One might wonder what my husband used to fix his shoes with. He had to work to make everything himself. There was a tannery where he could buy the leather, paying for it with wheat, corn or potatoes. For the pegs he would get maple and saw it into different sizes, cutting them with his knife. For the wax he boiled tar and put grease in it. For the shoe thread some of thee sisters spun the cotton and greased it with wax. For soda we would skim saleratus from the top of the ground, clean it and use it for cooking. For whitewash, we would bury a rock of plaster of paris in hot ashes, make a fire and burn it until it crumbled. Our salt we got out of a cave; we had to boil it to get it clear. We made our starch out of potatoes. To grate the potatoes we used a piece of tin with holes punched in it. We would make enough in the spring to last a year. For fruit we gathered ground cherries, serviceberries, chokecherries and wild bullberries. My husband was a teacher in the first Sunday School in Nephi. Thirteen children were born to us, ten sons and three daughters. Two died in infancy, and one little son when he was two years old. The rest lived to manhood and womanhood. We lived in Nephi twenty-two years, then moved to Leamington. On January 5th, 1882, our oldest son died of pneumonia. He was 21 years, 3 months old. Richard an I were called to sing in the choir. He was a teacher in the ward, and clerk and president of the Seventies. I was called as second counselor in the Relief Society to work with Sister Ann T. Walker. She moved away and I worked under another sister until the fall of 1893, when I moved back to Nephi. I was called as president of the Primary in Leamington. I labored in the Relief Society ten years, and in the Primary twelve years.

My husband died April 18, 1893, at Leamington and was buried at Nephi. I was left with nine children; two were married. It looked pretty dark with nothing coming in. I had to depend on my boys, and being strangers they did not get much work, so I started to nurse the sick. In this I had good success. The first of September 1894 my son George died of typhoid fever. He left a wife and five children. When he died, my son William was very sick. On November 12, 1898, my daughter Sarah Eliza died.

It is now October 1896. Fifty years ago we left our homes over the sea for Utah. Quite a few of us who are left have been to Salt Lake City to celebrate our Jubilee. We met in the 14th Ward Assembly Hall. We held three meetings. President Joseph F. Smith presided and the Relief Society furnished the banquet. I stayed with Anna Pay Kimball. We met the captain of our company, John Hunt, and some of the people who came in our company. We were happy to see one another and talk of the times that are gone. My sister Carrie and her husband went up to the city with me. Her husband came in Captain Ellsworth's handcart company. We went to conference two days, and then went to the cemetery to find my mother's grave. It was lot 2, plot C. It was the first time I had seen it, for when she was buried, my feet were so I could not go to the funeral, and later I moved south. No one knows how I felt as I stood there by her grave. Alma, his wife, myself and Ethel, one of George's daughters, and Anna, her mother, were with me. There were three generations, and our mother was a martyr for the truth. I thought of her words, "Polly, I want to go to Zion while my children are small, so they can be raised in the gospel of Christ, for I know this is the true church." Now there are 31 grandchildren, 26 great-grandchildren living, and 15 are dead. There are three of us living, my brother, sister, and I.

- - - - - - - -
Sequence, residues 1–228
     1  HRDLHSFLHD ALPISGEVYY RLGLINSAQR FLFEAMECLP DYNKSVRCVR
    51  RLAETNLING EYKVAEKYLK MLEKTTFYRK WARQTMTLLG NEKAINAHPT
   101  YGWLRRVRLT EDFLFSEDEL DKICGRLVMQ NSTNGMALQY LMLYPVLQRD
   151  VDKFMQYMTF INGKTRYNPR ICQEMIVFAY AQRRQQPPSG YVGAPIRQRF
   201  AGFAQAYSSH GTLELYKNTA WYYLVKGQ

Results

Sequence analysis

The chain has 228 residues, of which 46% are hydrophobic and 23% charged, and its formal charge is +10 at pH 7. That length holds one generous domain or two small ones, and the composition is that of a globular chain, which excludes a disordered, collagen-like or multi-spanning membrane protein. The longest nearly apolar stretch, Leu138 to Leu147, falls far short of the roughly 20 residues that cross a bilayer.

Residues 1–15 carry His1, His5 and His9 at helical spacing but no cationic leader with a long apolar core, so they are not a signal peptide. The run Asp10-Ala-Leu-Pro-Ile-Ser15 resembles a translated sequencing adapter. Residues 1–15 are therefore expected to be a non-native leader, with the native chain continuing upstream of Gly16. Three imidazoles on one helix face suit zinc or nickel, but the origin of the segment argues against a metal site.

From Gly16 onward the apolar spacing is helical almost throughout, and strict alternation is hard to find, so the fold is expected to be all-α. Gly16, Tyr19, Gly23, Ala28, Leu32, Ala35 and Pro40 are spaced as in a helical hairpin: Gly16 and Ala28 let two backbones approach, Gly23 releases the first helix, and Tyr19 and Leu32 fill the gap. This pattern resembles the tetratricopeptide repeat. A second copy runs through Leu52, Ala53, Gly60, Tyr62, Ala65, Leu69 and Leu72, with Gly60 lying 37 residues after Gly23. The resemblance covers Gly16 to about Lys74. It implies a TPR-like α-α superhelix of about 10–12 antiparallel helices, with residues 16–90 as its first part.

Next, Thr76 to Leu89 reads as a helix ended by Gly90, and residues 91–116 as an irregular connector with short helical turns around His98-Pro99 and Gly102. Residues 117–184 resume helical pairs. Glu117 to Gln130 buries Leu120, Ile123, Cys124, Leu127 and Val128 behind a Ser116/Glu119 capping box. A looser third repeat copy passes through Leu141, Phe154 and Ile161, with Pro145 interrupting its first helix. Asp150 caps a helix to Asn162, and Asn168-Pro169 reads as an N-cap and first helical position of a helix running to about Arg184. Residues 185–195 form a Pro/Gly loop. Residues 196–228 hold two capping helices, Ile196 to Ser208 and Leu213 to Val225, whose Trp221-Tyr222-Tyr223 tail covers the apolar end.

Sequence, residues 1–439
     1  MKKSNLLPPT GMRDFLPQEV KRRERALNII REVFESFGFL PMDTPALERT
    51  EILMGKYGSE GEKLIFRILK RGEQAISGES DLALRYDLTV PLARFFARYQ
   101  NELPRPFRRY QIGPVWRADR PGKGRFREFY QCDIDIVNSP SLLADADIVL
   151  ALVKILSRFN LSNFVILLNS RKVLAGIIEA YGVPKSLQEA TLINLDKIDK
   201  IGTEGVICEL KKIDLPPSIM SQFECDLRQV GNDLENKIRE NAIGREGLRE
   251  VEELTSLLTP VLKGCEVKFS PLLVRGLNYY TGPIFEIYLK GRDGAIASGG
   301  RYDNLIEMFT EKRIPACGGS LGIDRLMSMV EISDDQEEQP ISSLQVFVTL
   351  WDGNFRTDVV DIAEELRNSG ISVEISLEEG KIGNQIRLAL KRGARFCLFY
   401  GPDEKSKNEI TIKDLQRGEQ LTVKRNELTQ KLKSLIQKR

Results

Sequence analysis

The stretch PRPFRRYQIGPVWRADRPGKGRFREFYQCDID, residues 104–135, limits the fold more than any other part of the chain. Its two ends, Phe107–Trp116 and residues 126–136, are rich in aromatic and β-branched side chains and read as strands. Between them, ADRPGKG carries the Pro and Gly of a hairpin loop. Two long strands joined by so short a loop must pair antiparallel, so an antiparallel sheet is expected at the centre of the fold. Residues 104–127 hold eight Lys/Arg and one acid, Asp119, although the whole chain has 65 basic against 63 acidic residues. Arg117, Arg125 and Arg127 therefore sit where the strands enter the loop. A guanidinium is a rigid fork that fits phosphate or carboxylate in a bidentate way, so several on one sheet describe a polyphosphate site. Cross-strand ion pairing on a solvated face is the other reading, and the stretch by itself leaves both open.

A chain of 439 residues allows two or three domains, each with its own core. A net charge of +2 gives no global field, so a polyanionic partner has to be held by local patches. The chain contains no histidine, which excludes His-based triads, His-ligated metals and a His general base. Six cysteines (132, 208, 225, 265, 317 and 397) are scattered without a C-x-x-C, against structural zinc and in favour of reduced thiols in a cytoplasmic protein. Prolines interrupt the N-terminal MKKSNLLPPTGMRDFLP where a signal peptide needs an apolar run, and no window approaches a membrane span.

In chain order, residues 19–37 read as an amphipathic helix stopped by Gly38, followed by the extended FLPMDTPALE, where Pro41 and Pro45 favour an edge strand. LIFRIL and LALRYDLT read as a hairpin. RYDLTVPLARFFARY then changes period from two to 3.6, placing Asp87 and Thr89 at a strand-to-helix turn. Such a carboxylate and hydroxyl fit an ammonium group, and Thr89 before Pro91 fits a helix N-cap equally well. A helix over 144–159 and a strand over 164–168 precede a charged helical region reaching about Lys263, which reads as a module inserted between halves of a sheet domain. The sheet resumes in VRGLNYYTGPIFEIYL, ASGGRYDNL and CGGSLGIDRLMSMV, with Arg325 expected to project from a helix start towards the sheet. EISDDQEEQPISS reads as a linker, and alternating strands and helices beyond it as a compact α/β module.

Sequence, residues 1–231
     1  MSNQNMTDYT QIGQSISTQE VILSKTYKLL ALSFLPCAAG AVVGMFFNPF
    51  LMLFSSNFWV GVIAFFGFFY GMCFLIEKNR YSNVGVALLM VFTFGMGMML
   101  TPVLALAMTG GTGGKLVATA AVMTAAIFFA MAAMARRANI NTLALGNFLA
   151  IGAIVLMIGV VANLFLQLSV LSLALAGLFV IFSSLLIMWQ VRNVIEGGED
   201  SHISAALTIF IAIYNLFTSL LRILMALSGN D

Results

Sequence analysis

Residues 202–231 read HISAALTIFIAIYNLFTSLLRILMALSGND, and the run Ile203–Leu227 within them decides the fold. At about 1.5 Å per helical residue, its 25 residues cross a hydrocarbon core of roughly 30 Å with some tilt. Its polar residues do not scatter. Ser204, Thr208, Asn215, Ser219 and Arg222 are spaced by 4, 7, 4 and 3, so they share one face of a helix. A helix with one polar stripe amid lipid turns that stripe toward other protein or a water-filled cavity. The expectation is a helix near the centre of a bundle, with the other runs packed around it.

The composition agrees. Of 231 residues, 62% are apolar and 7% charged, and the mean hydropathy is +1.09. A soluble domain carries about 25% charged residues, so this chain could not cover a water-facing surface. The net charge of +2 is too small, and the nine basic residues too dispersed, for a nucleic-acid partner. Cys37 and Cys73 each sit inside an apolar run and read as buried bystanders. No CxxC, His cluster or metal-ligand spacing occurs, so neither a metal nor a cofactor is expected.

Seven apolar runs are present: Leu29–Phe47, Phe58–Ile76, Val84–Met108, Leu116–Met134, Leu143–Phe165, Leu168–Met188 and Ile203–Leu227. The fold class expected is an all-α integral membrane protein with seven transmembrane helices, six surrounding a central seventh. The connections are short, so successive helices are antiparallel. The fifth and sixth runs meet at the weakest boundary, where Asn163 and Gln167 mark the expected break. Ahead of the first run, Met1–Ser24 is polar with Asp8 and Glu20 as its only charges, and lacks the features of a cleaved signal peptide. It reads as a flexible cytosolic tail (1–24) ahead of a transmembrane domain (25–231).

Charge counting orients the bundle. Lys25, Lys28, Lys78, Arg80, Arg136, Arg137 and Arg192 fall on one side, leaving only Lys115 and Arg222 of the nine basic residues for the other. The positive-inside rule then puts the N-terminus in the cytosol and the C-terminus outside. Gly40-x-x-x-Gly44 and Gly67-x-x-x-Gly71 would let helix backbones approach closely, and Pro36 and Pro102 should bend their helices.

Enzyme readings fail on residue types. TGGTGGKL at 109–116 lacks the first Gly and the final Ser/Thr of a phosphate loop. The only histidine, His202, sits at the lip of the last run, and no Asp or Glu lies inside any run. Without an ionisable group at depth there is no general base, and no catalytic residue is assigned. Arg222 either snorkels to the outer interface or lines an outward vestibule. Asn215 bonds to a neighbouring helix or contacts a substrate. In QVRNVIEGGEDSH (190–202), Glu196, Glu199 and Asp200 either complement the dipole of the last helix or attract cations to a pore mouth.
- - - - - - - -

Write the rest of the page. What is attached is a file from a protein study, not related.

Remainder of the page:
Later I went to Farmington, and visited with my cousin Ellen Pierce. I saw a number of my cousins. I came back to the city and went to the Temple and saw my son Alma married. I worked in the Temple two days. Anna Pay Kimball went with me to all the places. My brother and three of my sons have filled missions, and her grandsons and daughters are workers in the church. They are all members of the church. I now have six sons and one daughter living, four sons are married, and I have eleven grandchildren, and I am proud of them all. In September 1902 we had a jubilee to celebrate the fifty years of settling Nephi. I was in the parade as a Gleaner the first day, the next day as a Braider. We rode in Brother Nephi Jackson's wagon. There was Aunt Bird, my sister Carrie Bowers, Eliza Bowers, Cynthia Downe and myself. I hope in fifty years that I will have the opportunity of having a representative of my family in the parade.

October, 1908: I have been to our handcart reunion and met quite a few old friends. We went to conference in Salt Lake and my brother, Anna Pay Kimball, and I went to see mother's grave. It has been re-numbered. It is now Plot F. Lots 8 and 12. October 24, 1909: I went to Sunday School and was asked to relate a few incidents of our journey across the plains. I told them we had the first snowstorm the 22nd of September in 1856. There were fifteen who died through the cold and exposure while crossing the Platte River. Sister McPherson sat by me and said that her mother was the fifteenth to die. They were all laid side by side, and a little dirt thrown over them.

NOTE: Mrs. Pay died from a stroke at the age of 70.


  • Carter, Kate B. Our Pioneer Heritage, vol. 13. Daughters of Utah Pioneers; Salt Lake City, Utah: 1970. F 826 .D375x page 430 - 437. Provided by Jamie Brocco.